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How Deciding Not to Serve a Mission Impacted My Testimony

I was sitting on my couch, most likely half asleep, when I heard President Monson’s voice say, “I am pleased to announce that effective immediately all worthy and able young men who have graduated from high school or its equivalent, regardless of where they live, will have the option of being recommended for missionary service at the age of 18, instead of age 19.” 

My heart jumped into my throat and I was wide awake. I had just started my sophomore year of high school and knew plenty of seniors and their poor moms who were probably freaking out more than I was. I also had close friends who would be leaving a whole year earlier than they previously could. 

In the midst of my complete shock, my mind cleared long enough to hear the next part, “Today I am pleased to announce that able, worthy young women who have the desire to serve may be recommended for missionary service beginning at age 19, instead of age 21.” 

I honestly don’t remember what happened after that. I think I called my mom (because what else are you supposed to do in a moment of panic?) and I thought about all of my classmates. I went to a high school with an unusually high percentage of Latter-day Saints and knew this announcement would rock our world. Missionary service had always felt so distant, but at that moment, it had never felt more real and urgent. I could have a mission call in my hand before my senior year was over. 

“Did you hear about the age change?” 

The following weeks at school were interesting, to say the least. Everyone was talking about the “age change” and discussing what it meant for their future plans. I was blessed to have great friends with strong testimonies and the topic came up in our conversations almost daily. “Do you think you’ll go on a mission?” was a question we felt we needed to know the answer to immediately because we were asked so often not only by each other but by loving adults and Church leaders.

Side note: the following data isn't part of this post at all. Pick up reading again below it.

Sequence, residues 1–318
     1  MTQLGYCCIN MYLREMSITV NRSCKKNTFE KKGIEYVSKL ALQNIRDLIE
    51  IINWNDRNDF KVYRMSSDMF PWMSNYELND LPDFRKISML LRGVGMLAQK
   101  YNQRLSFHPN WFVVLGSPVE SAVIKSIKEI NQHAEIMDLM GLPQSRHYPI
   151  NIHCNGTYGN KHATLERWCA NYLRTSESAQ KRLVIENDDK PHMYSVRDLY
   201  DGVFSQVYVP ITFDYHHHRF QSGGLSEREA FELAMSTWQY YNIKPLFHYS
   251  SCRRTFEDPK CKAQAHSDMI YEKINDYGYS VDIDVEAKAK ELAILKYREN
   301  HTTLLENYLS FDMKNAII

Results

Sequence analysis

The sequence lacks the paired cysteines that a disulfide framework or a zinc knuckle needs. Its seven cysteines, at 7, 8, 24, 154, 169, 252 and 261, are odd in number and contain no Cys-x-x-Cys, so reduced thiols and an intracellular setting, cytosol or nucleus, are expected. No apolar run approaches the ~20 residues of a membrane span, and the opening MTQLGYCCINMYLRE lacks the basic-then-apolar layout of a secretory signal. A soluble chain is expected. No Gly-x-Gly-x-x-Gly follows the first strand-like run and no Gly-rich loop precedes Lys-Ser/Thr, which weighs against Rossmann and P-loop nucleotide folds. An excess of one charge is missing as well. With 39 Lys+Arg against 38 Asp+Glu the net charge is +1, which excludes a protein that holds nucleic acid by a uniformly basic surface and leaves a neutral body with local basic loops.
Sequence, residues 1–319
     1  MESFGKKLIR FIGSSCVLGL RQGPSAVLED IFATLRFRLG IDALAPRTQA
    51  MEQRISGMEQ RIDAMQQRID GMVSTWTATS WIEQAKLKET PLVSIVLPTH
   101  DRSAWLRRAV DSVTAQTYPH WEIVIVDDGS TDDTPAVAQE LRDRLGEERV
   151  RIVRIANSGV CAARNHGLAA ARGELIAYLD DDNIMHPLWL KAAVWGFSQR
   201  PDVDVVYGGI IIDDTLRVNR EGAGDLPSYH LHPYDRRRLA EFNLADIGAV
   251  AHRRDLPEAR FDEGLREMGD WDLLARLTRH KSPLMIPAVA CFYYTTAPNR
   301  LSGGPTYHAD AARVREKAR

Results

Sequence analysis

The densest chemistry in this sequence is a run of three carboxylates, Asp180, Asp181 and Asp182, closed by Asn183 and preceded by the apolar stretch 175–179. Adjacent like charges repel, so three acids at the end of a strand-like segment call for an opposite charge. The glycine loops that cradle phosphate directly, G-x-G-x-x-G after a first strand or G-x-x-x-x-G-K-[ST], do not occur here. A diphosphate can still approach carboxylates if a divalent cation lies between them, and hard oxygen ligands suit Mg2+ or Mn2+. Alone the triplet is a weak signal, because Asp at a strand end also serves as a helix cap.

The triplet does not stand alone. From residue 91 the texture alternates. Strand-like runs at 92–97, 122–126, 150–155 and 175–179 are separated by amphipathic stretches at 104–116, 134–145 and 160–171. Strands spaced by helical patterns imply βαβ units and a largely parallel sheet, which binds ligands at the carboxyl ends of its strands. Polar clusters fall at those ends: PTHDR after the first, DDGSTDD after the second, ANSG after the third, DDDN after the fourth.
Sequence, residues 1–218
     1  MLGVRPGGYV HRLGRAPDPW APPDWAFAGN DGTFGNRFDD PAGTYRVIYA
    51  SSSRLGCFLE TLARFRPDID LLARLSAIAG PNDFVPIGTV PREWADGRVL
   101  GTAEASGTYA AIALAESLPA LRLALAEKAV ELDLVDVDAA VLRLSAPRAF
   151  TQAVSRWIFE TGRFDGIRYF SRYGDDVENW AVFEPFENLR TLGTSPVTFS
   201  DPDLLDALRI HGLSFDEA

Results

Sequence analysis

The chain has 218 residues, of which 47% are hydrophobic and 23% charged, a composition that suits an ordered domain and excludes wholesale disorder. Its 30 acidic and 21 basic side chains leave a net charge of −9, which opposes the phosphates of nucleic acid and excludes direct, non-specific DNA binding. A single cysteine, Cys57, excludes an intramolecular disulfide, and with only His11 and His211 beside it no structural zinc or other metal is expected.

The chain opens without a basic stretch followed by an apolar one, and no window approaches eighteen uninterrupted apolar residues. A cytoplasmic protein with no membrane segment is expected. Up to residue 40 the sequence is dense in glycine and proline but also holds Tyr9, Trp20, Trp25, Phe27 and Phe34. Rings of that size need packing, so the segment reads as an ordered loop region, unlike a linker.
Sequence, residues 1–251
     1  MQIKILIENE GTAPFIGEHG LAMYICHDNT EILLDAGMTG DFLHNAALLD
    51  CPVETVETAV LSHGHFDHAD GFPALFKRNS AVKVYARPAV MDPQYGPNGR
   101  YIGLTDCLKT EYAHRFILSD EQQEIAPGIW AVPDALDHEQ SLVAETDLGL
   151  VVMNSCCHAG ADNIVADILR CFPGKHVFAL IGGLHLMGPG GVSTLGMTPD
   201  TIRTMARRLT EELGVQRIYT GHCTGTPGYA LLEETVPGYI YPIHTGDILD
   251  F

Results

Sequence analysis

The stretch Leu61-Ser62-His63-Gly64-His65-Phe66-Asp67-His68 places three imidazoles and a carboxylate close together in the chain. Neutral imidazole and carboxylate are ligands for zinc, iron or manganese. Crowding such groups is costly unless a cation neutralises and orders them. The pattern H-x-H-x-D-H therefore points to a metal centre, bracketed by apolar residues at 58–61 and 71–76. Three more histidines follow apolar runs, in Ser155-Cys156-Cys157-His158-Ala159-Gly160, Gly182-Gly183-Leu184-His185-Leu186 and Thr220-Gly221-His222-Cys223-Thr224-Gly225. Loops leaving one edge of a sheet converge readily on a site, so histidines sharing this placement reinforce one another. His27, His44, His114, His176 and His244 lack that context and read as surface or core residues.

“Maybe, I don’t know yet” came out of my mouth more times than I can remember. Sophomore year ended, junior year passed, senior year started, and I attended farewells almost every Sunday during the summer. But when someone asked me if I was planning on serving a mission, my answer was still, “Maybe, I don’t know yet.” I grew more and more anxious as my friends who once said “maybe” started saying “yes.” 

“You don’t have to go, but prepare anyway.” 

One Sunday my bishop and I were chatting and he asked if a mission was in my future. I gave him the answer I gave everyone, and he gave me advice that I’ll cherish forever. He told me I didn’t have to go—that the decision was mine and the Lord’s to make. But he told me to prepare to go. This way if my answer was “yes," I would be ready, and if the Lord had other plans for me, I would be spiritually prepared for what was ahead. So that’s exactly what I did.  

I prayed, read scriptures, and listened to conference talks every day, but I was carefully avoiding asking the Lord the question I needed an answer to. I was honestly terrified that my “maybe” would turn into a “yes.” My stomach tied in knots just thinking about opening a mission call and embarking on an 18-month journey with so many unknowns. Something in my heart felt a little off whenever I thought about it, but I love my Savior and would do anything for Him. And if He told me to go, I would do it.